Category: RTM News Reel Written by By Moni Basu, CNN
(CNN) – At 7, Analouisa Valencia was crowned Palmetto Princess in Spartanburg, South Carolina. She relished it - and like a lot of little girls, she dreamed of becoming Miss America one day.
In a few months, Valencia, now 19, will take the stage for the Miss South Carolina contest, hoping for victory and a chance to compete for the coveted national title.
But she's no ordinary contestant. She will mark a first in her conservative home state.
Valencia's father is from Mexico; her mother, an African American. Valencia came out as a lesbian when she was in the ninth grade and took her girlfriend Tamyra Bell to her high school prom.
She was already shredding stereotypes of beauty pageants because she's biracial. But a lesbian beauty pageant contestant from South Carolina?
"I just really wanted to be an advocate for equality for everyone this year," she says on the phone before heading off to classes at Spartanburg Community College. She eventually wants to earn a business degree at the University of South Carolina.
Her participation in the Miss South Carolina contest is in part a human rights campaign: she is promoting rights for people with special needs (she coaches Special Olympics gymnasts), for racial minorities, for gay people.
She has already thought about her answers if the judges question her on this score. She will be perfectly open and honest about who she is, about their opinions.
"I want to show the judges who I really am," she says. "I want to show them how passionate I am about my platform, how passionate I am for being an advocate for equality."
South Carolina ranks low nationally on LGBT rights. It bans same-sex marriage, does not afford employment, housing or hate-crime protections for LGBT people and has unconstitutional sodomy laws still on the books.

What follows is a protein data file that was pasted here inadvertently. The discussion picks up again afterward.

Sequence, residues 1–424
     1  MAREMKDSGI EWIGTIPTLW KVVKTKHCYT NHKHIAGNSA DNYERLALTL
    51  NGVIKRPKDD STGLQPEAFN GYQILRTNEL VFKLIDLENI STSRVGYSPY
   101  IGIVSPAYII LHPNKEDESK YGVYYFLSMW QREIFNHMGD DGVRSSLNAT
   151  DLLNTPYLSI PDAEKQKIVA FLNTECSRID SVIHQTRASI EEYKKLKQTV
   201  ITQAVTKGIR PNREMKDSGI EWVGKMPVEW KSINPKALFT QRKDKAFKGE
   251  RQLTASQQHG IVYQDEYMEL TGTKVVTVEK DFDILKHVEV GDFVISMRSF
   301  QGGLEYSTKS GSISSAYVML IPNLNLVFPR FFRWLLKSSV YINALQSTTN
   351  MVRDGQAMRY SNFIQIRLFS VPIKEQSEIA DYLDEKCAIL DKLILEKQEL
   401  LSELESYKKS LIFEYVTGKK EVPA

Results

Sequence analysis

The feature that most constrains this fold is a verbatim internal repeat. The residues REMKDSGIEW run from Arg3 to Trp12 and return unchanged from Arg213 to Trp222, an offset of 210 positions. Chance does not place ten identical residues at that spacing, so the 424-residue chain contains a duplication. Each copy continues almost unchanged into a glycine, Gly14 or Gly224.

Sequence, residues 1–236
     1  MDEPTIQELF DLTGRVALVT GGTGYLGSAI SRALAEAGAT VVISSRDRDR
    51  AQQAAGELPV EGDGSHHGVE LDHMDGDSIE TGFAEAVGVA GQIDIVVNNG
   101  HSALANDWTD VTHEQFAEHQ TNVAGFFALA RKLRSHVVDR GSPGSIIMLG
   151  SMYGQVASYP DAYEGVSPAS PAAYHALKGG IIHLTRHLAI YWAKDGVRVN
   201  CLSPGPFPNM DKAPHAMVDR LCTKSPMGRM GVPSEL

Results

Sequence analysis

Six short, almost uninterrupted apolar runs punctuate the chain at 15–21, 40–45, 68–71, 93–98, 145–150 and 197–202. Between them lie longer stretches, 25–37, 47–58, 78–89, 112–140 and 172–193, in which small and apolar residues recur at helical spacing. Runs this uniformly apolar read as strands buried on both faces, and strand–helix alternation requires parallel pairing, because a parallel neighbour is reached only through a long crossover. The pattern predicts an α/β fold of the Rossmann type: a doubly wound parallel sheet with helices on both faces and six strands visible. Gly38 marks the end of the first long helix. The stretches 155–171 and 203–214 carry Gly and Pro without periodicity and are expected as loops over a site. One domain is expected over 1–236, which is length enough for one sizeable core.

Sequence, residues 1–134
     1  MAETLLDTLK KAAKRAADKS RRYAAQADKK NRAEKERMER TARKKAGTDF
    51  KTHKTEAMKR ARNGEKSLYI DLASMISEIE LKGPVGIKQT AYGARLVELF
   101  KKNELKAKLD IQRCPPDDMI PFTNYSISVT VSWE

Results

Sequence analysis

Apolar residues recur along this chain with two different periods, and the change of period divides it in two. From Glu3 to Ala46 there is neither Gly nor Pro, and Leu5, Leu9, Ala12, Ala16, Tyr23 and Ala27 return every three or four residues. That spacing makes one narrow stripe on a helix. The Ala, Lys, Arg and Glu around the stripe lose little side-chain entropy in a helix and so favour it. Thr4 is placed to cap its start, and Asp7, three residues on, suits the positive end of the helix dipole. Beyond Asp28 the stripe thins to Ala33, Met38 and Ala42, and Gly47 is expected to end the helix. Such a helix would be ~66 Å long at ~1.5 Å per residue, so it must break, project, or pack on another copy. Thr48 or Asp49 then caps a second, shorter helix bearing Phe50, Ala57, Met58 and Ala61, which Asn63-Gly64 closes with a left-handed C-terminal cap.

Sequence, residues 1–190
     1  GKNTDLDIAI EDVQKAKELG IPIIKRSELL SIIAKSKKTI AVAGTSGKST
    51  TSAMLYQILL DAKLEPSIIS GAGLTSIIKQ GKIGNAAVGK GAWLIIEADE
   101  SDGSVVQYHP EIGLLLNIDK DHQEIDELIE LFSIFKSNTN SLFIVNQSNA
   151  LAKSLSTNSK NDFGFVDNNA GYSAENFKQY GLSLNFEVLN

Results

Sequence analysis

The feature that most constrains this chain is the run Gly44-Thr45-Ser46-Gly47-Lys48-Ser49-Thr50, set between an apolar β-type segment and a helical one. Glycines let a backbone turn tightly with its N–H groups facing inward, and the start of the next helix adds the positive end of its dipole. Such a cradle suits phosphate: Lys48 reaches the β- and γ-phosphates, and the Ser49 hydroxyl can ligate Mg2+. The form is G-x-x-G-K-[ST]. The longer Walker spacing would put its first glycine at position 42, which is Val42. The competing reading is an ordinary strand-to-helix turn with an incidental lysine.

For Valencia to make a run for Miss South Carolina is "courageous," says Ryan Wilson, the executive director of the South Carolina Equality Coalition, a statewide LGBT civil rights group.
"I think it takes a lot of courage for any young person to live openly and authentically. We are extremely proud of Analouisa," Wilson says.
He says beauty pageant contestants can be stereotyped, but they can often afford young women a chance to show leadership.
"She can be a role model for LGBT youth," Wilson says.
There hasn't been negative feedback, Valencia says. So far.
But she's prepared to cope with ugliness if it surfaces. For the time being, she's enjoying her title of Miss Lyman, her hometown just a few miles from Spartanburg.
She's been taking voice lessons every Friday. At the Miss South Carolina pageant in July, she will sing Leona Lewis' "Footprints in the Sand." She's confident she will make an impression.
Last Updated on Friday, 26 April 2013 15:15
Category: RTM News Reel Written by News One
Even though NBA superstar Dwyane Wade (pictured) has tried to keep the monied particulars involving his scandalous divorce from former wife, Siohvaughn Funches-Wade, private, the couple’s financial settlement agreements have been leaked: Reportedly, Dwayne Wade will be doling out at least $25,000 a month to Siohvaughn, reports Gossip Extra.
In addition to the exorbitant spousal support sum, Wade is also expected to dig deep in to his pockets to pay for Siohvaughn’s living and travel expenses, which reportedly amounts to about $10,000 extra per month.
Wade and Siohvaughn, who were high school sweethearts since age 15 and were married for five years until it ended in 2007, had an unfortunately rocky break-up.